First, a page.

This tech may help pre­vent wild­fires

PG&E test­ing de­tec­tion tool for power lines

San Francisco Chronicle - - BUSINESS REPORT - By Brian Melley

B. Don Rus­sell wasn’t think­ing about pre­vent­ing a wild­fire when he de­vel­oped a tool to de­tect power line prob­lems be­fore black­outs and big­ger dis­as­ters.

The elec­tri­cal en­gi­neer­ing pro­fes­sor at Texas A&M Univer­sity fig­ured he might save a life if his cre­ation could pre­vent some­one from be­ing elec­tro­cuted by a downed live wire.

But fire pre­ven­tion may be his prod­uct’s big­gest sell­ing point in Cal­i­for­nia and other places that have ex­pe­ri­enced dev­as­tat­ing blazes blamed on elec­tri­cal equip­ment.

“If we can find things when they start to fail, if we can find things that are in the process of de­grad­ing be­fore a cat­a­strophic event oc­curs, such as a downed line that might elec­tro­cute some­one or a fire start­ing or even an out­age for their cus­tomers, that’s kind of the holy grail,” Rus­sell said.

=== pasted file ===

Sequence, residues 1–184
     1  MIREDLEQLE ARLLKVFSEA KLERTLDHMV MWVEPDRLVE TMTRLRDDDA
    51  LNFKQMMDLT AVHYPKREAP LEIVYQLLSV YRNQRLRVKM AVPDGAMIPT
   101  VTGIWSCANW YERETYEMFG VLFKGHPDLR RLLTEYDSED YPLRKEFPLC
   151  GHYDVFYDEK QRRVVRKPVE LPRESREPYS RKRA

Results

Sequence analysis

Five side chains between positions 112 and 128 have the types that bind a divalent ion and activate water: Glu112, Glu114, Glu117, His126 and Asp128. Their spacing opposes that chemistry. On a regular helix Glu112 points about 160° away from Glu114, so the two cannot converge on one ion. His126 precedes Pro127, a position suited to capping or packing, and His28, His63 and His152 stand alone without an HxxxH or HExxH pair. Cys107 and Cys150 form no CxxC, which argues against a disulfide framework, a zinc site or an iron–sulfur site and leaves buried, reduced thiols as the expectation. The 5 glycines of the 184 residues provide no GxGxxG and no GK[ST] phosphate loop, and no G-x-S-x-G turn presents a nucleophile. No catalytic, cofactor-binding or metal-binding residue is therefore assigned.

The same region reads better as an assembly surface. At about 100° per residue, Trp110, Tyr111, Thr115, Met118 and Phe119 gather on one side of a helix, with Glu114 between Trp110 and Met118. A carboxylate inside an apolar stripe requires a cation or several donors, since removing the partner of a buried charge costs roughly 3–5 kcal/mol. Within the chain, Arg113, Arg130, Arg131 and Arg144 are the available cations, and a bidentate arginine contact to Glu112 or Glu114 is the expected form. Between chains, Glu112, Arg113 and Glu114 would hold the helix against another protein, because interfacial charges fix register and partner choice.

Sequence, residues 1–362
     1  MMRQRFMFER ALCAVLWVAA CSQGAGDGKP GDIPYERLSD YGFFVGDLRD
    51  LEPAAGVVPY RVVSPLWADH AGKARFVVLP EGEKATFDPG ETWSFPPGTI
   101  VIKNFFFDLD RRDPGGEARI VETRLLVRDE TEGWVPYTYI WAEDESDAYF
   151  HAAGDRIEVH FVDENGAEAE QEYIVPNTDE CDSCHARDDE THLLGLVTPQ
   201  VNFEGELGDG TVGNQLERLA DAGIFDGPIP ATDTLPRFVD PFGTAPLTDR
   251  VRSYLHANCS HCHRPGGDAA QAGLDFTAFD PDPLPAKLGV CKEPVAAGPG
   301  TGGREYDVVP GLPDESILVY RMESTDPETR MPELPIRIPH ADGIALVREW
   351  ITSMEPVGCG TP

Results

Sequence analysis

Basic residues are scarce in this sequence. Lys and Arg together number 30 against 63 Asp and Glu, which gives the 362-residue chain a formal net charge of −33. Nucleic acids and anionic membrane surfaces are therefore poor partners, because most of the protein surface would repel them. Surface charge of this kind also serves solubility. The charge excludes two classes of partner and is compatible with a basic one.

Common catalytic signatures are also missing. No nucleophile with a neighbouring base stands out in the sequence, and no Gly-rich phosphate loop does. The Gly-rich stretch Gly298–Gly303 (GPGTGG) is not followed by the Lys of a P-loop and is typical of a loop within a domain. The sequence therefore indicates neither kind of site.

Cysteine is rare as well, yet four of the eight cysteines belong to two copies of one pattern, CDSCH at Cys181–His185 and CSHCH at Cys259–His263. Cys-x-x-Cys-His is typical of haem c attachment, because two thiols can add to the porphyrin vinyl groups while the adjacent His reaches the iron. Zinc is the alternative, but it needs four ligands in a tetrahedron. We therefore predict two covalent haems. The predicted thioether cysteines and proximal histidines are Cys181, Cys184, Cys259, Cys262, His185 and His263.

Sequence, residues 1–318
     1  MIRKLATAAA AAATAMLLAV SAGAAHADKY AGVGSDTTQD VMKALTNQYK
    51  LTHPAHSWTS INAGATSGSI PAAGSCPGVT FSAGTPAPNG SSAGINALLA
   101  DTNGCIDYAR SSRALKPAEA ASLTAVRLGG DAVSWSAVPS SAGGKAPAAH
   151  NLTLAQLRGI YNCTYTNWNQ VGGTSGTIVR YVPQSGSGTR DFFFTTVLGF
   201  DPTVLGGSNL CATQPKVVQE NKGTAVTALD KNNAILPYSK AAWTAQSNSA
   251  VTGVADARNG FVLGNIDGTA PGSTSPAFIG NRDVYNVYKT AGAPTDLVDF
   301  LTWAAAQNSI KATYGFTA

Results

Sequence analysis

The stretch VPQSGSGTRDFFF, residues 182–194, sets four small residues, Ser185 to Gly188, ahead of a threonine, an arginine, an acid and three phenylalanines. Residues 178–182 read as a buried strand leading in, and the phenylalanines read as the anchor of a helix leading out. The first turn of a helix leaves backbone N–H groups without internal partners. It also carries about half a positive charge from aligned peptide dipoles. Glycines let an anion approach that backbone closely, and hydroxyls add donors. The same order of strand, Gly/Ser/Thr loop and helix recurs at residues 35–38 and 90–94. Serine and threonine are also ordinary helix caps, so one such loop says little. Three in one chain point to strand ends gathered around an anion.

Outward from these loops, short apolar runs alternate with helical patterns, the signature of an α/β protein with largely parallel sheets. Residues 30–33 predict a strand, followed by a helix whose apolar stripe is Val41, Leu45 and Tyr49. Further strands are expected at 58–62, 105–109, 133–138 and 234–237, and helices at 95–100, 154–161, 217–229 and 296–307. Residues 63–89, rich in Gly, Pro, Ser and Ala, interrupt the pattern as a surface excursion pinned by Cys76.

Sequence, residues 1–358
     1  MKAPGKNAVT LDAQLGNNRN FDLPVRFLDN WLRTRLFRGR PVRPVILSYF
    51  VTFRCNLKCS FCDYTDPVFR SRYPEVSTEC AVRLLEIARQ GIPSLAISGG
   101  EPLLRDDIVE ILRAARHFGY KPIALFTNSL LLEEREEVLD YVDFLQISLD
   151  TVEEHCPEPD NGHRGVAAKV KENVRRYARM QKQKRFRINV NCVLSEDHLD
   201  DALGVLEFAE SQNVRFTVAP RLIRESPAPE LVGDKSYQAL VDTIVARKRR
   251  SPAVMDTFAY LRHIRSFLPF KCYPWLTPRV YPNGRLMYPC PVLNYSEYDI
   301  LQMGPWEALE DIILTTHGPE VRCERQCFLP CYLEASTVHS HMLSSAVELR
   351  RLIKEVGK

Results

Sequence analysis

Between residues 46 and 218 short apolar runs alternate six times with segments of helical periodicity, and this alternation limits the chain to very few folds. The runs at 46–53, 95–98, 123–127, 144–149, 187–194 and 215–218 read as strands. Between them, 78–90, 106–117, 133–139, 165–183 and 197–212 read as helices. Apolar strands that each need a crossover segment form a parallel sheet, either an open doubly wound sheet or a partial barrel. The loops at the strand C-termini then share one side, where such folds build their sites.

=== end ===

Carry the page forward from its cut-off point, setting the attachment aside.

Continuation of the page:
The tech­nol­ogy he bills as a one­of­a kind di­ag­nos­tic tool called Dis­tri­bu­tion Fault An­tic­i­pa­tion is now in use in Texas and be­ing tested in Cal­i­for­nia by Pa­cific Gas & Elec­tric Co. and South­ern Cal­i­for­nia Edi­son. The util­i­ties have been blamed for some of the most de­struc­tive and dead­li­est fires in Cal­i­for­nia.

Texas A&M said the tech­nol­ogy will also be tested in New Zealand and Aus­tralia, which is cur­rently reel­ing

from de­struc­tive wild­fires.

The tool de­tects vari­a­tions in elec­tri­cal cur­rents caused by de­te­ri­o­rat­ing con­di­tions or equip­ment and no­ti­fies util­ity oper­a­tors so they can send a crew to fix the prob­lems, Rus­sell said.